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CQC sets new nursing care standards


Nurses working in care homes and the independent sector must meet tough new standards following an expansion to the Care Quality Commission’s (CQC) inspection regime.

Private healthcare and adult social care organisations had until last Friday to register with the CQC under a new registration system that has covered NHS trusts since April.

Services where problems have been identified can expect frequent inspections

The regime sets essential standards of quality and safety that everyone receiving care will be able to expect, covering areas such as patient consent, nutrition, medicines management, safeguarding and infection control.

CQC chief executive Cynthia Bower said: “We did not tolerate poor care under the old registration system and we certainly will not tolerate it under the new system.

“Services where problems have been identified can expect frequent inspections and we will use our powers where it is necessary to protect people, even if it means shutting services down.”

The CQC said in the past year it had come across a range of serious problems in care homes, including verbal and psychological abuse, medicines not being managed safely, a lack of nursing care, poor sanitary conditions and a lack of staff training.

Thirty-four care homes and eight agencies providing care in people’s homes have closed in the past 12 months following investigations by the CQC.

However, this represents only a small fraction of the 24,000 registered care services in England.

Ms Bower said: “Standards across the sector are improving year on year, so people are getting better care than in the past.

“In order to keep this trend going, we need to address the worst services that just cannot or will not improve to an acceptable level.”

The regulator has been working with both sectors to prepare them for the new system.


Readers' comments (3)

  • I'll believe it when I see it. Unfortunately the CQC is an organisation with no teeth, I have witnessed many places with poor care standards (most often caused by lack of staff more than any staff error/lack of care) yet they still hold up the CQC banner as if it gives them a mandate to carry on as usual!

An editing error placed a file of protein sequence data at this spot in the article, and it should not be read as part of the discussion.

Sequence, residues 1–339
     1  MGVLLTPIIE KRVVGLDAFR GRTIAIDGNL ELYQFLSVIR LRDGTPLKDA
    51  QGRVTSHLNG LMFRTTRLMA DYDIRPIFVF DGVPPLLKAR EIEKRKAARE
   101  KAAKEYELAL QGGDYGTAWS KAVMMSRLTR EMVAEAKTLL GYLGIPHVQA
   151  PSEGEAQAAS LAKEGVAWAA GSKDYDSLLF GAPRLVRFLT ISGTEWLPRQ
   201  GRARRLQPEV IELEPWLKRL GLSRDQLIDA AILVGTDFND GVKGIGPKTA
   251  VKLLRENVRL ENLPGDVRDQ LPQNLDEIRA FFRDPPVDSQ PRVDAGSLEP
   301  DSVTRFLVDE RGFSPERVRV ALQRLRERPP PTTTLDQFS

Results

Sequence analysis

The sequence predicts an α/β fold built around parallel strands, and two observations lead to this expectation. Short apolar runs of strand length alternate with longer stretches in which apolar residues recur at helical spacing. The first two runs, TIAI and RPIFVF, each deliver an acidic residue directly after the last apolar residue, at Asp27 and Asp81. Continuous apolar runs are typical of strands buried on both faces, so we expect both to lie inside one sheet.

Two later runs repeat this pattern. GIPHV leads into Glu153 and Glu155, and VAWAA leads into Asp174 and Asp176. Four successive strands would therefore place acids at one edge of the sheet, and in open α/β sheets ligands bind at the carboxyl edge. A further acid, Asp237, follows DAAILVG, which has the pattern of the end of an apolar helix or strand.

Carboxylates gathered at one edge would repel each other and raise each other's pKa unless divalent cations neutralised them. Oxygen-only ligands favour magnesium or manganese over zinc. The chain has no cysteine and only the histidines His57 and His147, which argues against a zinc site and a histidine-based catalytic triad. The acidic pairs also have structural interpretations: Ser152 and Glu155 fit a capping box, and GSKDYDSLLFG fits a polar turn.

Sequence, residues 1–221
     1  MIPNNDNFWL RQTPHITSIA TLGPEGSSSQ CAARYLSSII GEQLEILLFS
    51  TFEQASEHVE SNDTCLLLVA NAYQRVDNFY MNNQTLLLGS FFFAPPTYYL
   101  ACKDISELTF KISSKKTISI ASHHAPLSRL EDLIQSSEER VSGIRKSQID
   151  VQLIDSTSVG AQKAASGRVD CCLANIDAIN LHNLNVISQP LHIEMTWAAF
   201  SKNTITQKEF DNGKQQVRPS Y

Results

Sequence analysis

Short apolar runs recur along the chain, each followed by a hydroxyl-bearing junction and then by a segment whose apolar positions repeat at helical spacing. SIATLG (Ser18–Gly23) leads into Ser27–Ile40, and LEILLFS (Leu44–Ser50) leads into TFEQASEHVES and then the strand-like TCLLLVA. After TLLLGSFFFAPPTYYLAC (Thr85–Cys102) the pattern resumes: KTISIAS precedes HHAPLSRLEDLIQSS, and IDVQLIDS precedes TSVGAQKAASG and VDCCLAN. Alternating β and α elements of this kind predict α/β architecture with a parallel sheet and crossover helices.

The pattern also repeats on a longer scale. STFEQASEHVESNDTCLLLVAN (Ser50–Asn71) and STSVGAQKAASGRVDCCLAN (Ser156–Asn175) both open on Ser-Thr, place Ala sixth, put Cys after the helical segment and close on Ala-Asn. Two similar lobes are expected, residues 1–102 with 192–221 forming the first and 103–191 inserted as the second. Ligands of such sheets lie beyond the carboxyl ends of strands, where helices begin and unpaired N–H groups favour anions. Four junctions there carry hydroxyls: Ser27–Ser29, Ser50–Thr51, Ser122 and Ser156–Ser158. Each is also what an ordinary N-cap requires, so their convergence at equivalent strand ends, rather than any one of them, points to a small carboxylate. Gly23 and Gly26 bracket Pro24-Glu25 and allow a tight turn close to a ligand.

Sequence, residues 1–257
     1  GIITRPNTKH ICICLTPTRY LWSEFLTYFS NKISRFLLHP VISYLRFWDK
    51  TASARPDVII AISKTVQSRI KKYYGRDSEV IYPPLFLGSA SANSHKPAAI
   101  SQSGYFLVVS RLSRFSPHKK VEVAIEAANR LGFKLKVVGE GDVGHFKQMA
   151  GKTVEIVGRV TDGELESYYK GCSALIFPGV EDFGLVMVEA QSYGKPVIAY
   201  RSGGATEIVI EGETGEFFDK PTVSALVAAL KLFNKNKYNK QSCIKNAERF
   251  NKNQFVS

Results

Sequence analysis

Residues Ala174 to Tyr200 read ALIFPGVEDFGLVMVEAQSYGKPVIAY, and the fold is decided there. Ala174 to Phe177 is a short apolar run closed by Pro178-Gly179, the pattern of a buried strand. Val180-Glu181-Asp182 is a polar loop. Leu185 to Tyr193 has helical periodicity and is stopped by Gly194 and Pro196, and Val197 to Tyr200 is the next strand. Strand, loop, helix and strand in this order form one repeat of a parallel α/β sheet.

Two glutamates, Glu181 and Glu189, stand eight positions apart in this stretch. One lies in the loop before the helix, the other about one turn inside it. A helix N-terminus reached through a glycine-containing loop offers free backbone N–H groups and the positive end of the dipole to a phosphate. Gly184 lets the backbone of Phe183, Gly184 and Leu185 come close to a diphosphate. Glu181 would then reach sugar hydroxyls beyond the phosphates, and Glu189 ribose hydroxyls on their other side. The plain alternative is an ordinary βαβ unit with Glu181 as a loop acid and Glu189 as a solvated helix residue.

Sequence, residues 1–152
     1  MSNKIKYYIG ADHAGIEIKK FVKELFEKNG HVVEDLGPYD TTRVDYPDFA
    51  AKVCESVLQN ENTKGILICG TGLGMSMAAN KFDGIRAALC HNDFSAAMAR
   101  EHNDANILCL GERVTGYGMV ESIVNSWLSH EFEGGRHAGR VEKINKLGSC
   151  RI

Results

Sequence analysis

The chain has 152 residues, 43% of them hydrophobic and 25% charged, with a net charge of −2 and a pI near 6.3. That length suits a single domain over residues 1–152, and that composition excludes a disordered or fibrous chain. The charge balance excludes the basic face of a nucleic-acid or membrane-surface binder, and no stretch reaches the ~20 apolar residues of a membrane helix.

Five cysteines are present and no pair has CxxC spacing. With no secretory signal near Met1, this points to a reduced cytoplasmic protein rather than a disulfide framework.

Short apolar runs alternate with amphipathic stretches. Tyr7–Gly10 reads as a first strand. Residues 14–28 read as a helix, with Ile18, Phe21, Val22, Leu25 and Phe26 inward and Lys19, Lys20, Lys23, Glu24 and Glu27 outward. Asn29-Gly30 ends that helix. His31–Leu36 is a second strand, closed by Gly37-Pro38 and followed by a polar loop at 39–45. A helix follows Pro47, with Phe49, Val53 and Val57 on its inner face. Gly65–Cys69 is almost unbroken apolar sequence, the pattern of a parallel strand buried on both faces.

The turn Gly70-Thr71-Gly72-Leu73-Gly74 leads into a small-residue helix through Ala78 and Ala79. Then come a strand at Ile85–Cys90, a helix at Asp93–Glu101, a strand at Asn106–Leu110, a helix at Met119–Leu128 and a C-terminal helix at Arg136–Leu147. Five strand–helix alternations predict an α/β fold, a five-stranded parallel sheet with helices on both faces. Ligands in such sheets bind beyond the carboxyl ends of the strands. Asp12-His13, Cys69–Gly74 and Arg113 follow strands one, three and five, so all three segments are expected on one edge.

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  • A Valid point Mike. I also see, in my multi role which includes trainer, many care homes (and agencies) who are just using video training as the means to deliver knowledge to their staff. How bad is this!
    The CQC is already shsowing itself weaker than CSCI by having nursing agencies deregister. No one is then monitoring them at all. Self regulation? Right.....

    Low staffing levels, poor training, owners pocketing every spare penny. One care home my friend works in runs so below the required staffing levels because the owner refuses to use agency staff (not because he thinks they're crap but it costs him too muichy. BUT he just took delivery of a new Mercedes Barabus! His staff got 0.4% pay rise. What a star, eh?
    But never mind, the CQC banner flies high on this companys marketing literature.

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  • it works both ways. something needs to be done to make working conditions for registered nurses and other workers more attractive with the possibility of cpd in the field as not everybody wants to work there. there are a large number of staff, especially older nurses or those who have had career breaks, who are unable to get jobs anywhere else other than old peoples' homes even though they would prefer to use other skills they have developed elsewhere. new skills and valuable skills can be developed caring for old people and it can be very rewarding but other highly specialised skills can become totally redundant causing wastage where they could be better utilised and may be needed elsewhere.

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